Wednesday, February 20, 2013

Everyone is Different (and Better!): Part 2

Flexibility and convenience.  As professionals, we place huge emphasis on flexibility.  The ability to respond to change is everything.  Most of the absolute worst financial disasters I’ve ever seen took place at some crucial moment when change exploded into crisis. 

For clients, we seek many conveniences.  There should be a friendly local face, 24/7 Internet, checking, recognized debit cards, ability to electronically transfer funds, access to international services, wide choice of investments, and freedom to trade whatever and whenever they want.  Most people won’t use a third of these services, but they should have them anyway.  Who knows what tomorrow will bring? 

There’s no reason to scrimp.  Most national firms have the ability to provide all of these services at nominal (or no) cost to clients.  This is the age of technology and every client should demand flexibility and convenience. 
Investment and financial expertise.  Where to start?  Expertise is a relative concept.  The investment world is so broad and client needs so diverse that no single measure of expertise defines the term.

Take bonds, for example.  Most people assume that bonds are a pretty boring investment subject.  They make up the “stable” portion of many portfolios (“more stable” is more appropriate) and government bonds are an investment of choice among wealthy senior citizens.  But it’s not really that simple.

There are thousands of bond options – literally safe as a two-year government bond, or risky as a ten-year junk bond.  Nearly every city issues municipal bonds (tax-free) and a number of government agencies (“quasi-government”) issue bonds, too.  Municipal bonds are either General Obligation or Revenue bonds.  There are blue chip and high yield (“junk”) corporate bonds.  Some are insured, others not.  In fact, there are often both insured and un-insured bonds in the very same offering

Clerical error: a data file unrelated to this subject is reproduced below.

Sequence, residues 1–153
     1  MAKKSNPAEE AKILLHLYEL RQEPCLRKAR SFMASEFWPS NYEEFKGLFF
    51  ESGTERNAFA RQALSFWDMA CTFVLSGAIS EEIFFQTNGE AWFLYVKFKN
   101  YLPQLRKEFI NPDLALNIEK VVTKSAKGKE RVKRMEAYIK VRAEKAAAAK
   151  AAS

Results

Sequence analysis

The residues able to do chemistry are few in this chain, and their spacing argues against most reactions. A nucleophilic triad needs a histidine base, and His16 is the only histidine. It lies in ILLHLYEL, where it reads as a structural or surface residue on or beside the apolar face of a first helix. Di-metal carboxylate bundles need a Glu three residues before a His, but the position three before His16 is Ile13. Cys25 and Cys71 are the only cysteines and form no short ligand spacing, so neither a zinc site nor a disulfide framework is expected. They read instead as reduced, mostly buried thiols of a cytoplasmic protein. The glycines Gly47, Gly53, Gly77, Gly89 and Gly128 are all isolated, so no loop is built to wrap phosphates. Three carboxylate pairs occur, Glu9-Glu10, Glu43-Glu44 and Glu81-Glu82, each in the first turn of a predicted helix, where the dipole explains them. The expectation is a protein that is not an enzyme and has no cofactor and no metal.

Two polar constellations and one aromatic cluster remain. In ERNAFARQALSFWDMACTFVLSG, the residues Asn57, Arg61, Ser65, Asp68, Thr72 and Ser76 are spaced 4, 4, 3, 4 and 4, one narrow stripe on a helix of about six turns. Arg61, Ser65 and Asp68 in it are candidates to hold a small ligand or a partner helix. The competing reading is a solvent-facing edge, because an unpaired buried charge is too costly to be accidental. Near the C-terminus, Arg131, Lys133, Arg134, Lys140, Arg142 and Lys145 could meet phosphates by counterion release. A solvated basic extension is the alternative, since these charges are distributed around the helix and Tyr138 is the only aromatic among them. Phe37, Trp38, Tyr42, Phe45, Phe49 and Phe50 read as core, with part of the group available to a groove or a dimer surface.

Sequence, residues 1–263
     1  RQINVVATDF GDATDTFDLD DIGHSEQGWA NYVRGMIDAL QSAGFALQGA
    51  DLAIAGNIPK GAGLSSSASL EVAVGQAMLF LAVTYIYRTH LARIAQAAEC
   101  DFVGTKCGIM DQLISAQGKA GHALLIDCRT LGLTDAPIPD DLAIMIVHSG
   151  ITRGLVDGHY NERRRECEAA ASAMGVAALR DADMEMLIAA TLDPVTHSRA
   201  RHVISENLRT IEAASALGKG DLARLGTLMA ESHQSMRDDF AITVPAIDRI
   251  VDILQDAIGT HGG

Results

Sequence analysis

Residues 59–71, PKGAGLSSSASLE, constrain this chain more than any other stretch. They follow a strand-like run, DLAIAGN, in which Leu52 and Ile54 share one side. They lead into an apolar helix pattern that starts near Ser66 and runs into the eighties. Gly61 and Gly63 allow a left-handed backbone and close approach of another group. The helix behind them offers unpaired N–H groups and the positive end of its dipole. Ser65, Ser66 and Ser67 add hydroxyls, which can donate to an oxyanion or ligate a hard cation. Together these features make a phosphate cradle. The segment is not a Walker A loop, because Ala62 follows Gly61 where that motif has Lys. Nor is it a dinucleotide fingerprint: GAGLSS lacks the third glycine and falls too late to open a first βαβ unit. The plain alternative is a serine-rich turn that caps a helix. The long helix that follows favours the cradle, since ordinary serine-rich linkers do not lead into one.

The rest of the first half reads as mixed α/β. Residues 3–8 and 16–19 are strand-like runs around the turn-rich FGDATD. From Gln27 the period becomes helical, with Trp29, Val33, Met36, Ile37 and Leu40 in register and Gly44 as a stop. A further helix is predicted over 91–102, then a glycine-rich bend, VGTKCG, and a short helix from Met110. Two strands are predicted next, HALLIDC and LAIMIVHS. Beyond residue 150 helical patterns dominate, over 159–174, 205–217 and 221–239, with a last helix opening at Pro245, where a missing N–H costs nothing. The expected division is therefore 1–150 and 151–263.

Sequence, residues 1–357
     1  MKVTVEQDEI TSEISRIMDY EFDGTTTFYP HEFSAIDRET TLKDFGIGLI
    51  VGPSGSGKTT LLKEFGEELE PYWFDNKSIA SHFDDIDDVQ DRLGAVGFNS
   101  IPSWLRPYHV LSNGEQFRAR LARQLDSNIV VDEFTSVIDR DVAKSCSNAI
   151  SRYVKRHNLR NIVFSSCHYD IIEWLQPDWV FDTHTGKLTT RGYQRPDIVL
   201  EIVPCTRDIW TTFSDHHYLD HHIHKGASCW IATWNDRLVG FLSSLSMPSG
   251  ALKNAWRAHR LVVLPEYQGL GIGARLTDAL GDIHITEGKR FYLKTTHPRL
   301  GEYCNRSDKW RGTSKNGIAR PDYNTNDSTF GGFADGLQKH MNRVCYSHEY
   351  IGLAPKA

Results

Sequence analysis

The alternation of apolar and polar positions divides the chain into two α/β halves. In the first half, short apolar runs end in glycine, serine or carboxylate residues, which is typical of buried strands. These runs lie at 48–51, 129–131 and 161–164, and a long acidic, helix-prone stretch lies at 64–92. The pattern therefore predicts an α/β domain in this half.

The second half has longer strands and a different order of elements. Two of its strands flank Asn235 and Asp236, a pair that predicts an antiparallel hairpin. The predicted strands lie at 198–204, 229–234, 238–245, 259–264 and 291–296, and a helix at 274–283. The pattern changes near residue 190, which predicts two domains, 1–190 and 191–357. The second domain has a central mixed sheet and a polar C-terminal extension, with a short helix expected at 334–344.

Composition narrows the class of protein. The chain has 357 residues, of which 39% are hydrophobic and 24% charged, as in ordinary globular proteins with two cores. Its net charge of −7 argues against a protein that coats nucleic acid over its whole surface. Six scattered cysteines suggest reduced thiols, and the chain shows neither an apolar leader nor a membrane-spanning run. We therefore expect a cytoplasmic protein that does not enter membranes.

What’s the point?  The investment world is filled with specialists, people who are “experts” in some aspect of the investment world (bonds, for example).  This is necessary expertise in a global sense (someone has to know about everything).  The important question for clients, though, is one of pure relevance.  Who offers expertise in areas of importance to their situation?

Most people – even those with a million dollars – don’t need to know the intricate details of bond pricing or stock valuations.  They don’t need to know about Lou Rukeyser’s Elves or Mario Gabelli’s economic outlook.  They might know Alan Greenspan if they bumped into him at the dry cleaners (not likely), but they probably haven’t a clue what the Federal Reserve Bank does or why it makes a difference.

They don’t generally need to know the details of Modern Portfolio Theory (MPT), but they do need to know that investment diversification reduces risk and increases long-term performance (the essence of MPT).  The do need to know how to get the best deal on mortgage interest rates or financing a car.  They do need to know that an allocation of investment savings to common stocks is a good hedge against inflation (someone should have taught this gem to our grandparents).

Even with a million dollars to invest, the right expertise is far more important than the truckload of credentials.  Many national firms tout investment celebrities (Peter Lynch at Fidelity is a great example), but how exactly do they serve common people?  That’s the important question.

Excerpt taken from Million Dollar Management: Simple Lessons to Use Wealth Management Principles for Your Family Investments by Dan Danford (with Gary Myers), 2002

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